At the first reported incident, your father bolted to his room. You and mom laughed at him across the wall. All he asked for was a book he had forgotten to take with him and a picture of his deceased parents.
The next morning he had requested for a “fully sanitized” mop. Mother was sitting by her God – praying/lamenting/something. You played a little game – tugging the mop away when he stretched for it.
The tapping on his door was your own little “morse code.” Your ears hurt – stuck against the wall listening to his “advice” on how to cope. “The rising numbers” is all he spoke about, even on video calls, despite your laughter.
One day, three weeks into the lockdown, your mother tried to obliterate the door with a hammer and her fist. You had to hide the hammer – in fact – all the knives and screwdrivers.
So she used a nail cutter to carve a hole in the door. And they saw each other through that. “The vaccine is coming” your father would whisper, like it was the magic potion that would reunite the lovers.
One night you caught him in the living room at 3 a.m. He was clothed in the PPE suit, out to grab a kaju barfi from the fridge. He signaled not to make a sound. Then he tip-toed to his room like a white tip-toeing ghost.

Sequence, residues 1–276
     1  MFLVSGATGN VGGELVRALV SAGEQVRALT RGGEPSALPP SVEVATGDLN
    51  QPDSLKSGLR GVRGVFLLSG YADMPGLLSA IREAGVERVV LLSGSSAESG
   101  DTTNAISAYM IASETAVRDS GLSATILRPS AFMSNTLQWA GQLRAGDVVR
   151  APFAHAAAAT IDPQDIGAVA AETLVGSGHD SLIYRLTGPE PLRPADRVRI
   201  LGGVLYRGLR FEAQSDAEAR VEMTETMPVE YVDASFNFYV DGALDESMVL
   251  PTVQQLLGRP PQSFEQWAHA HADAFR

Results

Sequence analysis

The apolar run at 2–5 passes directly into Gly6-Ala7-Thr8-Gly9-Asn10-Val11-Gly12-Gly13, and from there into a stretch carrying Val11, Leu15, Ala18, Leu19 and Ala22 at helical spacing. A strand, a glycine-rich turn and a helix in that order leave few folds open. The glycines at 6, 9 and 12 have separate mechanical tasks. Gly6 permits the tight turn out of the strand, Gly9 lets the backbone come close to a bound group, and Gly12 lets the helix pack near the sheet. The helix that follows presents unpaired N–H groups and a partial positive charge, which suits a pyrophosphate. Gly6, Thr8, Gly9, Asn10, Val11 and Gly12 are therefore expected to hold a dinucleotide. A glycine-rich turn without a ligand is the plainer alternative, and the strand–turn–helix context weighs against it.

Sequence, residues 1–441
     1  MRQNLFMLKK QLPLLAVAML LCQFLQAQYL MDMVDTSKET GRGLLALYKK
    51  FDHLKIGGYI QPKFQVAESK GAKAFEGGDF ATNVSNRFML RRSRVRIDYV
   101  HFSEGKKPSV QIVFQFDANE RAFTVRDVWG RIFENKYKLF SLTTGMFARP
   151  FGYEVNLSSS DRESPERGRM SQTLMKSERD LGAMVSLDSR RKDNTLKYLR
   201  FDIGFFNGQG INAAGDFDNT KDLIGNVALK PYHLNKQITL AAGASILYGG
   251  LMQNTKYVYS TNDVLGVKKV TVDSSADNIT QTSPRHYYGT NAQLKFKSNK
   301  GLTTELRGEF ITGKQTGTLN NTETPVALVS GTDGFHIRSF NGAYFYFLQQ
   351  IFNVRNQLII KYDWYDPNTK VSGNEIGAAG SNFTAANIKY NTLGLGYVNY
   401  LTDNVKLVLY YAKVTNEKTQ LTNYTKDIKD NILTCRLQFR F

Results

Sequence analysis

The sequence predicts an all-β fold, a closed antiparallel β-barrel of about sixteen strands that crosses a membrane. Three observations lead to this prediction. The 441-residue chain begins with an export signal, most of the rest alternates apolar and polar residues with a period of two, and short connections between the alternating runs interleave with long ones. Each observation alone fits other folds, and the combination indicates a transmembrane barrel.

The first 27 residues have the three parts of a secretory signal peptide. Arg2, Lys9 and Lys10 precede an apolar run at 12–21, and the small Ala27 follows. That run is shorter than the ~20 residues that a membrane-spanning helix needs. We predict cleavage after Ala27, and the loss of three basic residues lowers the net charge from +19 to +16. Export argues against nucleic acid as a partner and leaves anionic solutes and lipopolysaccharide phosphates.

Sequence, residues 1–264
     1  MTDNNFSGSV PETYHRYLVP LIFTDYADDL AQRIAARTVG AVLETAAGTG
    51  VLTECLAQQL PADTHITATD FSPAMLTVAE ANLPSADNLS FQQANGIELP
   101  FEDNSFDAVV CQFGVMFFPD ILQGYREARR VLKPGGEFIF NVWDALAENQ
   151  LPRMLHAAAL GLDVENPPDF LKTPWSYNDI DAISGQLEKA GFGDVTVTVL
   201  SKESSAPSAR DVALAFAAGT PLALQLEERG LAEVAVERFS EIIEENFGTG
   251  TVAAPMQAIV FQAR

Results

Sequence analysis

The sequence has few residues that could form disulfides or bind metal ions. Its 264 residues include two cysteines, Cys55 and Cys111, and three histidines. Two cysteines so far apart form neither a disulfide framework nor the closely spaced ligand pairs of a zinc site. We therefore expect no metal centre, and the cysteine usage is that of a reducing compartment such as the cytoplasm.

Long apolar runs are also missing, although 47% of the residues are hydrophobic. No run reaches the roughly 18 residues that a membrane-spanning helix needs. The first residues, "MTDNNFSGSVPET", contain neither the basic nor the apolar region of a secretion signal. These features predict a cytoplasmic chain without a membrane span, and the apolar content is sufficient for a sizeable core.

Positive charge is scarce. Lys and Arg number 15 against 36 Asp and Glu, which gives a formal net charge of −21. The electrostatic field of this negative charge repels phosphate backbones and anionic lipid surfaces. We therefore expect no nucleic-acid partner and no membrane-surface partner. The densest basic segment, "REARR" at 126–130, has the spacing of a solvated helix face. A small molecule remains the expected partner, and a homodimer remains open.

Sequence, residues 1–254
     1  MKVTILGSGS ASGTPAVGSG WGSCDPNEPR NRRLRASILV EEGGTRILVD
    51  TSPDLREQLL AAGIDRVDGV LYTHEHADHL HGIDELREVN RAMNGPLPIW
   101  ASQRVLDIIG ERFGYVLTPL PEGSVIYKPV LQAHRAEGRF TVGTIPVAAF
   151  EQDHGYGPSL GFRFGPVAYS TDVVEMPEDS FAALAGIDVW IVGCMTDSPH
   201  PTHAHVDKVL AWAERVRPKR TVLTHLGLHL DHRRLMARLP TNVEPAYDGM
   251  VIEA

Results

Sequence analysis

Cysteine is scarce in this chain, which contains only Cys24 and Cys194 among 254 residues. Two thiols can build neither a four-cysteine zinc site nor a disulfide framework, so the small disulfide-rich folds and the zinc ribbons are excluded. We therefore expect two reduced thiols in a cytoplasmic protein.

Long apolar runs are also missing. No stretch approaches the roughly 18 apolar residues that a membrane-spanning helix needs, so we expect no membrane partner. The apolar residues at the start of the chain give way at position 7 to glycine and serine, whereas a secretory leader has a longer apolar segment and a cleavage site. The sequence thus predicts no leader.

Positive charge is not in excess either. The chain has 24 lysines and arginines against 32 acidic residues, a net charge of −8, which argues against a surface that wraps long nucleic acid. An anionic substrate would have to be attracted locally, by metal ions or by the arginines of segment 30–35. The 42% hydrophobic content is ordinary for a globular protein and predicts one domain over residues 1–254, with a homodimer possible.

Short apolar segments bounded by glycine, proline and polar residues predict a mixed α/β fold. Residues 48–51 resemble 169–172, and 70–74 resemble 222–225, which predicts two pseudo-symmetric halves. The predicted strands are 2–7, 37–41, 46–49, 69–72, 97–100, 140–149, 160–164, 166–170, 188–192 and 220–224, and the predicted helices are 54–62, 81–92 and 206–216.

You saw him next a couple of months later – the morning your mother died from the virus. He struggled to sift through insurance papers with rubber gloves. He didn’t struggle with being the only person in a clean white PPE suit at a funeral.
Your father died inside his spotless suit a few months later. Not a spec of dust on it, but the virus got in somehow. Perhaps through the hole in the door? You found your drawings and some wall markings that meant something to you.
Now as potential buyers look around the apartment, you have cleared the walls of the markings, the drawers of the letters, and the air of the smell of a family that disappeared in just a few months.
Swetanshu Bora is a writer and performer from India.